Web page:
Georgetown University professor Uwe Brandes was sworn in as the chairman of the District of Columbia Commission on Climate Change and Resiliency on Jan. 15.
Brandes was appointed by Washington, D.C. Mayor Muriel Bowser (D) to chair the commission. The 16-member commission advises the mayor and the D.C. Council on the best practices to integrate issues associated with climate change into the city’s policies and budget, according to a news release from the Georgetown School of Continuing Studies.
Through his role on the commission, Brandes hopes to push the city to take on a more significant role in combating climate change on both a local and global level, he said.
“I’m very much looking forward to crafting an important role for the commission in the context of Washington,” Brandes said in an interview with The Hoya. “But, because Washington is a global city with many other cities looking to Washington for best practices, I look forward to positioning the city in the global effort to mitigate climate change.”
Although cities make up less than 2% of the Earth’s surface, cities consume 78% of energy production worldwide and contribute to more than 60% of greenhouse gas emissions, according to the United Nations Human Settlement Programme. Despite D.C.’s small size, changes made on the city-level has the potential to have a large global impact on alleviating the effects of climate change, Brandes said.
“Climate change impacts everyone everywhere, and so the role of the city in advancing climate solutions should not be underestimated,” Brandes said. “The regulation of buildings has always been a city function, so you can see just with that example how strategic climate change and cities are.”
Brandes currently serves as the faculty director for the master’s in urban and regional planning program at Georgetown’s School of Continuing Studies. Focusing on careful planning when considering urban development and design can create a more sustainable city, according to Brandes.
“The issues of urban planning relate to transportation, relate to buildings, relate to public spaces, and the impact of climate change and the sources of emissions relate directly to how those uses are organized in a city,” Brandes said. “The solutions lie before us in the functioning and operations of the city. So that’s why urban planning really is about climate planning.”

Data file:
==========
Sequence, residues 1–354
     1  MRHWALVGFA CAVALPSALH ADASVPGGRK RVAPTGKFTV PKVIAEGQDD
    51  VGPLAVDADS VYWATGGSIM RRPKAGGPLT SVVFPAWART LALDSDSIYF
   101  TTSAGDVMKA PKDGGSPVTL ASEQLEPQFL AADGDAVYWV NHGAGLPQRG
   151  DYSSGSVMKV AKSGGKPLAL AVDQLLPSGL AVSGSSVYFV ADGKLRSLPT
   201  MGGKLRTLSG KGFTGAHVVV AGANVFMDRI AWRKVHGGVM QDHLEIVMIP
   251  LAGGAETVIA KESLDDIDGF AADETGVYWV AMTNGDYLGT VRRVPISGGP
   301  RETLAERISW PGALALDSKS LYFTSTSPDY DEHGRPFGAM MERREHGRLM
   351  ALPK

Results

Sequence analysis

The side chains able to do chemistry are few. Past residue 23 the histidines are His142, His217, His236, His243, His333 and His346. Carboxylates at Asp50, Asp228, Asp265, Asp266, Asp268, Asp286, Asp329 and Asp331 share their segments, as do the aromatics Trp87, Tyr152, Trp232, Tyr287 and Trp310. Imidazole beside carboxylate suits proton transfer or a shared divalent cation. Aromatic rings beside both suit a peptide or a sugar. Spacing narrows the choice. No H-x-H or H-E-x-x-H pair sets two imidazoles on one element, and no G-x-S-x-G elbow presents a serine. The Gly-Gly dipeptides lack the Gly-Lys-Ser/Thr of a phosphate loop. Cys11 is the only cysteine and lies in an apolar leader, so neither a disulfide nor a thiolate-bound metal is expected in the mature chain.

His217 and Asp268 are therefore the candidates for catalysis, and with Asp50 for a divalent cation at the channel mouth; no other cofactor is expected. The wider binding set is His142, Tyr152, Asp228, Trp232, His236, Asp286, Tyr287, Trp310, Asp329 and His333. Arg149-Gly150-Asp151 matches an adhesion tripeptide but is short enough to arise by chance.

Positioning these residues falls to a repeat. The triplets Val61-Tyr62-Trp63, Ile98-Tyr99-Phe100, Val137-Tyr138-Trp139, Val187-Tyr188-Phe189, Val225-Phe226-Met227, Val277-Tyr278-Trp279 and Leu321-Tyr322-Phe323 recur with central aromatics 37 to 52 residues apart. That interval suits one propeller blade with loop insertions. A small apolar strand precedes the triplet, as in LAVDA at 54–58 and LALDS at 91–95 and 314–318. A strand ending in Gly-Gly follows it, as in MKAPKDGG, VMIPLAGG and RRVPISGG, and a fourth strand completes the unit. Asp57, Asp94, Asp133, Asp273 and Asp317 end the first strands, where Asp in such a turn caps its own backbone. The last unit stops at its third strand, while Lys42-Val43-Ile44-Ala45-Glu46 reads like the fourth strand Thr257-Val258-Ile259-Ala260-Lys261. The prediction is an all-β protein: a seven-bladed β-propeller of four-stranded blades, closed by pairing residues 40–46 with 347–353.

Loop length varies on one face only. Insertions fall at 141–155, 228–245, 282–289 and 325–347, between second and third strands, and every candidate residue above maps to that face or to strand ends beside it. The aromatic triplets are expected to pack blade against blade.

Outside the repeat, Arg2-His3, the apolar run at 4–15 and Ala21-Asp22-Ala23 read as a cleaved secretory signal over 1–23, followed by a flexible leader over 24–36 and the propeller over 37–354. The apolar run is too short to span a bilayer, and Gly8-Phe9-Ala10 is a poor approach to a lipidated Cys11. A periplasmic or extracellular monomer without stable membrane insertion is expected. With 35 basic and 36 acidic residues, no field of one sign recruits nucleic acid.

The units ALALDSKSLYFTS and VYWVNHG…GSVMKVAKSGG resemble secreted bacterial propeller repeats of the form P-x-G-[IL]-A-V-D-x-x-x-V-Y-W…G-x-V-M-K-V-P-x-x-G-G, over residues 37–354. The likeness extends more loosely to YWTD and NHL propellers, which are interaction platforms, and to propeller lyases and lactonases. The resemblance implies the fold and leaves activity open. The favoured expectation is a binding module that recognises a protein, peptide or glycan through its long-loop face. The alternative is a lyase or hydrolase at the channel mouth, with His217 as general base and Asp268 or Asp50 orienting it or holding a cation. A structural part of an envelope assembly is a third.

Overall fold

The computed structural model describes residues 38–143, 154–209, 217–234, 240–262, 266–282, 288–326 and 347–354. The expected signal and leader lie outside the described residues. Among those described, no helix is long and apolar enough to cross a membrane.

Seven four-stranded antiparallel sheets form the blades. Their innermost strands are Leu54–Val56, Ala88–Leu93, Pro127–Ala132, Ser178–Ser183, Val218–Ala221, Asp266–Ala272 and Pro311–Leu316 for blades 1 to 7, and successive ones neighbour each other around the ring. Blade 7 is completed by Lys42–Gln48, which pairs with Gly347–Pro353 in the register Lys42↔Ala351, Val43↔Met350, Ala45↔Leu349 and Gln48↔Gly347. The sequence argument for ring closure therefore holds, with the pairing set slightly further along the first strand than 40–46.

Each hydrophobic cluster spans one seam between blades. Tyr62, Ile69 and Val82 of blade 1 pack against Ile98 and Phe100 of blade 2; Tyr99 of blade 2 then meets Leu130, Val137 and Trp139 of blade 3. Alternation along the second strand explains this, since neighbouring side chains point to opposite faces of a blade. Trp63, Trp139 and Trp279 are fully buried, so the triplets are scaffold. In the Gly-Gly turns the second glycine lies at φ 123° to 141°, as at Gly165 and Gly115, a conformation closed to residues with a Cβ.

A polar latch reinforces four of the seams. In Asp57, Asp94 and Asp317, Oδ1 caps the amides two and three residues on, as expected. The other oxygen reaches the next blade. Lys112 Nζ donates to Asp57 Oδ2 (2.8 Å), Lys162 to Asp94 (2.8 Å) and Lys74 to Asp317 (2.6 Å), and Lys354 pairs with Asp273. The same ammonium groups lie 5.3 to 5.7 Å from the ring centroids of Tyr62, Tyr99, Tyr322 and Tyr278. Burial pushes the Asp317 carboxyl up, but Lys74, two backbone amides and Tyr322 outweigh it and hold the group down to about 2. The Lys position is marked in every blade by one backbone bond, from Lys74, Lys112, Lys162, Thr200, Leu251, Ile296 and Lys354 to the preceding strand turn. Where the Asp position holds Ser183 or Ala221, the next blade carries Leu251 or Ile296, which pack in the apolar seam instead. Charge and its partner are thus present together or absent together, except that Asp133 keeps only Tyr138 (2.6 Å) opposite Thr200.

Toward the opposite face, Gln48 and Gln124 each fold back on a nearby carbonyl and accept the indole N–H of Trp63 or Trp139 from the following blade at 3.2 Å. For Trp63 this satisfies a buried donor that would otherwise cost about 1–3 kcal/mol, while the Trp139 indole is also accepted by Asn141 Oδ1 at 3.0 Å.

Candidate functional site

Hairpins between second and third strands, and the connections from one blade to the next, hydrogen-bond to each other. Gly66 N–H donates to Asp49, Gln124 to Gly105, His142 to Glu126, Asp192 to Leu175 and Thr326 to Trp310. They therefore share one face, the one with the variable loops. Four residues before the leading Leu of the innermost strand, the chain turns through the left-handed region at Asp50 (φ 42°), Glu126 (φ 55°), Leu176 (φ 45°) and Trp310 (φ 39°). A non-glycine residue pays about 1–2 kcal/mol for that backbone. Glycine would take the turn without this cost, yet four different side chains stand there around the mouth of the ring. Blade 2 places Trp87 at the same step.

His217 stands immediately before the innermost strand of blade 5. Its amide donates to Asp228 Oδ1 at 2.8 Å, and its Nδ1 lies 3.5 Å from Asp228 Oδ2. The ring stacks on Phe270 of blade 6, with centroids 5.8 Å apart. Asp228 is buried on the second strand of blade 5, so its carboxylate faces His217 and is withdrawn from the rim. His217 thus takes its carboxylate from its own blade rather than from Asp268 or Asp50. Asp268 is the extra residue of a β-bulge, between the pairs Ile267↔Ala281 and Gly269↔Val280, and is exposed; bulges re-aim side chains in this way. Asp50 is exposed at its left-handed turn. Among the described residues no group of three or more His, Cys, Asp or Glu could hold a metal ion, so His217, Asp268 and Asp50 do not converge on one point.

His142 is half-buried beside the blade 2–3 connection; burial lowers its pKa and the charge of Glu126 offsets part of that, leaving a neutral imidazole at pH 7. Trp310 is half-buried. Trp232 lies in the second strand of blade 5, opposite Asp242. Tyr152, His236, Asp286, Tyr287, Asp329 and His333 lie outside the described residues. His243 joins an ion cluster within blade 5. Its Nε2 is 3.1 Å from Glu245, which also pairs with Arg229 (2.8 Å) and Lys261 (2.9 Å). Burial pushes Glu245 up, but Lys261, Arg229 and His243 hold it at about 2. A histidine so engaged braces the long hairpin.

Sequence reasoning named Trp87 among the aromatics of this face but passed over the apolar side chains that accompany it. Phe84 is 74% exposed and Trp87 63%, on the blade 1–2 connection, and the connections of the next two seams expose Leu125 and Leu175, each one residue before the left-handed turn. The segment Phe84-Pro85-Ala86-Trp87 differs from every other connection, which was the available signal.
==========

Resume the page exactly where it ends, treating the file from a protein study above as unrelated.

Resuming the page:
The Commission on Climate Change and Resiliency was established in 2016 by the D.C. Council. The commission is comprised of 16 voting members, eight of whom are appointed directly by Bowser. Georgetown professors Kathryn Zyla, an adjunct professor of law, and Colin McCormick, an adjunct associate professor within the science, technology and international affairs program at the Walsh School of Foreign Service, will join Brandes on the commission.
The commission brings together a diverse panel of experts from a variety of fields, Brandes said.
“I’m just overjoyed to see that other Georgetown faculty are participating in the commission,” Brandes said. “We are at a time where research and practice are coming together in the form of new, innovative solutions, and so it’s wonderful to see that we have other academics on the commission.”
In addition to teaching, Brandes also serves as the faculty director of the Georgetown Global Cities Initiative, which aims to connect over 60 faculty scholars and practitioners on research related to urbanization, and as an affiliated faculty member at the Georgetown Law Center and within the STIA program.
Brandes’s appointment to the commission complements the SCS’s mission to inspire students to go beyond the classroom and solve global challenges, according to SCS Dean Kelly Otter.
“Georgetown is proud to have Professor Brandes at the helm of such an important commission to our city,” Otter wrote in an email to The Hoya. “His involvement is consistent with the charge of SCS to provide education that addresses the challenges of our changing world. I am confident that under Professor Brandes’ leadership, Washington D.C. will be better positioned to tackle climate issues and form innovative solutions for a brighter future.”